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1967 Ferrari 330 GTC : Classic Cars

Regarded by the more discerning Ferrari collectors as striking perhaps the best balance between elegant luxury and race-bred componentry, the 330 GTC and its GTS sibling have a particularly enviable reputation. Ever since Ferrari discontinued production of the gorgeous 250 Berlinetta Lusso back in 1964, the firm had been without an intermediate model, one that occupied the gap between Ferrari's flagship Berlinetta's (the 275 GTB) and their grand four-seater Coupe's (the 330 GT). Admirably filling this niche, the GTC continues to carve itself an increasingly enthusiastic following. These cars fall into two categories, the 4-litre 330's and 4.4-litre 365's. both of which were available in two alternative body styles - Coupe (GTC) or Spyder (GTS). A handful of bespoke examples were also constructed and these cars are also covered.

Riding a traditional tubular steel chassis, the 330 GTC frame was designated Tipo 592. These chassis’s were outwardly very similar to those already used on Ferrari's 275 GTB and made use of the various improvements added during the 275's two years in production. The wheelbase remained at 2400mm, providing plenty of cabin space for just two occupants. Hydraulic disc brakes were fitted all-round along with fully independent suspension. Borrani's beautiful ten-hole cast alloy wheels were standard although spoked wheels from the same manufacturer were optionally available. Engine-wise the GTC used Ferrari's twin cam four-litre Tipo 209/66 60° V12, this having also been found in the Series II 330 GT. Providing the new model with masses of refined gusto, displacement was 3967cc thanks to a bore and stroke of 77 x 71mm. Producing 300bhp at 7000rpm with compression set at 8.8:1 and three twin choke Weber 40 DCZ 6 or DFI 2 carburettors, there was also a five-speed gearbox. Performance was impressive for such a well-mannered automobile, 0-60 requiring under 6.5 seconds whilst top speed was in excess of 150mph. By 1966, the almost exclusive relationship between Ferrari and Pininfarina, the latter as producer of road car bodywork and interiors, had been established for approaching ten years.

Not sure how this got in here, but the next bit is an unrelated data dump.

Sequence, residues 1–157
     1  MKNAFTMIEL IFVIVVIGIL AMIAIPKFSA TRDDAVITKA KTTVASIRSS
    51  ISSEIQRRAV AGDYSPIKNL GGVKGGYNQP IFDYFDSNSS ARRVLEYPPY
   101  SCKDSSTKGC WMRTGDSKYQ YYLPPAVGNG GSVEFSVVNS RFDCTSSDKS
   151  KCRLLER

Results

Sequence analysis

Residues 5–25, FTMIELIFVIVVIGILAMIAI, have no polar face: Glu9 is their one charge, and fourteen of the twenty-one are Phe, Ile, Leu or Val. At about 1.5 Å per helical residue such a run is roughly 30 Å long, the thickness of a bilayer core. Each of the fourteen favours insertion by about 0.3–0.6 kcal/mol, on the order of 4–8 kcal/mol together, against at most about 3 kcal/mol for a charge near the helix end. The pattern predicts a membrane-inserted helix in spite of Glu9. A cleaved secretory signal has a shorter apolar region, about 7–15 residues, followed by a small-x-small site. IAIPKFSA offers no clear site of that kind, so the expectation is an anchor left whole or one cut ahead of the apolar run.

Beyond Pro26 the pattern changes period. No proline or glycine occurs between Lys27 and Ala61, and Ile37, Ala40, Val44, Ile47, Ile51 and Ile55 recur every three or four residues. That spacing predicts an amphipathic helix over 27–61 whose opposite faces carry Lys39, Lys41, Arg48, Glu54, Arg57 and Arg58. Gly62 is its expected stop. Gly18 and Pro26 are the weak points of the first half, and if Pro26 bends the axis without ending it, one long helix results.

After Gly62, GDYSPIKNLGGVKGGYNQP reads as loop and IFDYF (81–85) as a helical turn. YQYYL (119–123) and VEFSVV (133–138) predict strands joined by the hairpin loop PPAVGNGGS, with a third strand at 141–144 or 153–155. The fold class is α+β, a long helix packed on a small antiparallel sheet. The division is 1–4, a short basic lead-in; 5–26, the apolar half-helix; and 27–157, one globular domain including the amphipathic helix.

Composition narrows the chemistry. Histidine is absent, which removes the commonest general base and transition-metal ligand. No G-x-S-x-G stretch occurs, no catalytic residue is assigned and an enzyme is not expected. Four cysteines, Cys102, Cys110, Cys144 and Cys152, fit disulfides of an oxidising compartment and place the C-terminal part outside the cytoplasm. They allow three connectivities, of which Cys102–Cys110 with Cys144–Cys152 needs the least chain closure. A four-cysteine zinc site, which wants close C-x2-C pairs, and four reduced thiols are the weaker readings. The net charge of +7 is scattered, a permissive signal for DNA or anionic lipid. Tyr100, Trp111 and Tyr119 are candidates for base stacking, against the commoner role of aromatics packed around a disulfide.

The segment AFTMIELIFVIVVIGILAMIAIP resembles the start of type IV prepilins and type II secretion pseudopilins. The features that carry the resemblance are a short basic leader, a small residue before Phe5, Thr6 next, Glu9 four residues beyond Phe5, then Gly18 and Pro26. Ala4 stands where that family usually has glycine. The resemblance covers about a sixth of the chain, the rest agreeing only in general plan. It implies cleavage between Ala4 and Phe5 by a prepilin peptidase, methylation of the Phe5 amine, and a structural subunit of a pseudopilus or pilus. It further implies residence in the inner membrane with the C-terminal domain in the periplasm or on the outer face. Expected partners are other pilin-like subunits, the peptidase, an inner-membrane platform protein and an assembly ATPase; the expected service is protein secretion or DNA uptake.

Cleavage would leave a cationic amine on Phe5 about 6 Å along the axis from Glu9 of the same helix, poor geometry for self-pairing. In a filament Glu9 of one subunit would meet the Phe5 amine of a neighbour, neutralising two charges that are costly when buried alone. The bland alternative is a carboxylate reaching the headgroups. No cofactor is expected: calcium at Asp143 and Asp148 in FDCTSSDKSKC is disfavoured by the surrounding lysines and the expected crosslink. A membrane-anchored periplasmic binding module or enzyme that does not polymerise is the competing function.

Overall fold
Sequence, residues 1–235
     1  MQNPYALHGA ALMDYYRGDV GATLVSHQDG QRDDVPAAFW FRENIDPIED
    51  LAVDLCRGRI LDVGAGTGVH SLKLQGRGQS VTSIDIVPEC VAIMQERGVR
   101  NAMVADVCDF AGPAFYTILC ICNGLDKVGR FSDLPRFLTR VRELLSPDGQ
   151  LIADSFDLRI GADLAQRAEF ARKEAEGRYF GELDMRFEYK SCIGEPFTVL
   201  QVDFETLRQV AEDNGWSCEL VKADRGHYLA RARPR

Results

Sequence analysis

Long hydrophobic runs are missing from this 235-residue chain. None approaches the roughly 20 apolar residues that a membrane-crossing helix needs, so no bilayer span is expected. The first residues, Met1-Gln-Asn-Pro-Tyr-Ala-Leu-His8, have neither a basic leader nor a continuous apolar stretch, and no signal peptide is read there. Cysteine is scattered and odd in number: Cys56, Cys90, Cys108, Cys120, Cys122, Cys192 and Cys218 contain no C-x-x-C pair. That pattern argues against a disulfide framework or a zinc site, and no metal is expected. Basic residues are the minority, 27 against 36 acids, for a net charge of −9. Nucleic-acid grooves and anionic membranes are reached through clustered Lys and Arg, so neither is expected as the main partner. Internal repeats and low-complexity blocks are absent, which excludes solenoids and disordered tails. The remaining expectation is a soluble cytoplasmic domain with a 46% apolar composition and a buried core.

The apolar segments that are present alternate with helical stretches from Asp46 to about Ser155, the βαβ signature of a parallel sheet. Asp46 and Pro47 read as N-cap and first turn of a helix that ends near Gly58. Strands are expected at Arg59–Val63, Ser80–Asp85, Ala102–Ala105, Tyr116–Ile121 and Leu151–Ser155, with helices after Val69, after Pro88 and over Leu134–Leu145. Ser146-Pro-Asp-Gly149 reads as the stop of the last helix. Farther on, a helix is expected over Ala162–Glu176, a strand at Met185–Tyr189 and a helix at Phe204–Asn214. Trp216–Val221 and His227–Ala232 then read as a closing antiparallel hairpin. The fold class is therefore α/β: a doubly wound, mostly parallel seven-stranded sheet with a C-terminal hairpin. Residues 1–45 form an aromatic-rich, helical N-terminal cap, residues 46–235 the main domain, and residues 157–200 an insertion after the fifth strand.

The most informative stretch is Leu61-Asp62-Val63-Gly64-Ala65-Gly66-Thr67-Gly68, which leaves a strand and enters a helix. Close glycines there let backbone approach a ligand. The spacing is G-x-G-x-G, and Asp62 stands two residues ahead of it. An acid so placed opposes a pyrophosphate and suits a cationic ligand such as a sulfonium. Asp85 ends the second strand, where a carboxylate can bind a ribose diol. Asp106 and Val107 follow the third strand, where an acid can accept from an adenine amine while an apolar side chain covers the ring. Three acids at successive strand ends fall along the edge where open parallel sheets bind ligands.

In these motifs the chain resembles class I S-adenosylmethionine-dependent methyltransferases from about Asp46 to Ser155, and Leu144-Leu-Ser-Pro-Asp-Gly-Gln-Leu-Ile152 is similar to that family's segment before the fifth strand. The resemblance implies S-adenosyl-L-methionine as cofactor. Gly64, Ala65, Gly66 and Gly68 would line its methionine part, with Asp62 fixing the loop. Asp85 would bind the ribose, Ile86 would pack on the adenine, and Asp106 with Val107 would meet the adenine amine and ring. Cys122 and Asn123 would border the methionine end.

The 330 GTC's bodywork was immediately identifiable as the work of the world famous Turinese carrozzeria who directly reproduced a cocktail of features already seen on earlier designs. For example, the delicate nose featured set back headlights with a shallow egg crate grille, the front end clearly having been derived from the glorious 500 Superfast. Likewise, the lovely 275 GTS donated a number of details to the 330 GTC, the front wing mounted triple engine ventilation lourves, the lightly creased rear wings and the entire tail having been the most notable.

However, the elegant cabin was totally new and thanks to its slim pillars offset by a large glass area, gave excellent visibility. Despite its mix of old and new features, the 330 GTC was quite simply among the best-looking GT's of its era. With a laid back style, it was never as confrontational as some of Ferrari's jaw-dropping berlinetta's - this was a car for the customer who neither desired nor required an attention-grabbing machine. Pininfarina fabricated the bodywork primarily from steel although the opening panels were in aluminium. Like the exterior, the cabin had no hint of over-opulence, just the restrained luxury and top quality appointments buyers would have come to expect. Electric windows were fiited as standard along with a full leather interior and comfortably padded rather than figure hugging bucket seats. Quintessential period details included a teak veneered facia, flip-up Pininfarina ashtray and wood rimmed, triple aluminium spoked steering wheel with embossed Cavallino Rampante. Black vinyl covered the dash top and the whole cabin was a very pleasant place to be, especially with the optional air conditioning fitted. Launched during March 1966 at the Geneva Salon, the 330 GTC was an immediate success with customers and road testers alike.

A number of minor revisions were made during production, primarily to trim and engine internals. The most significant development though was the addition of a Spyder (designated the GTS) introduced during October 1966 when chassis 8899 GT was given its public debut at the Paris Salon. The 330 GTS was and remains to this day among the most attractive open-topped Ferrari's ever, none of the Coupe’s elegance having been lost in translation. After 600 GTC's and 100 Spyder's, Ferrari discontinued production in late '68 to make way for the new 4.4-litre 365.

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Sources : 1967 Ferrari 330 GTC Photo | 1967 Ferrari 330 GTC Article


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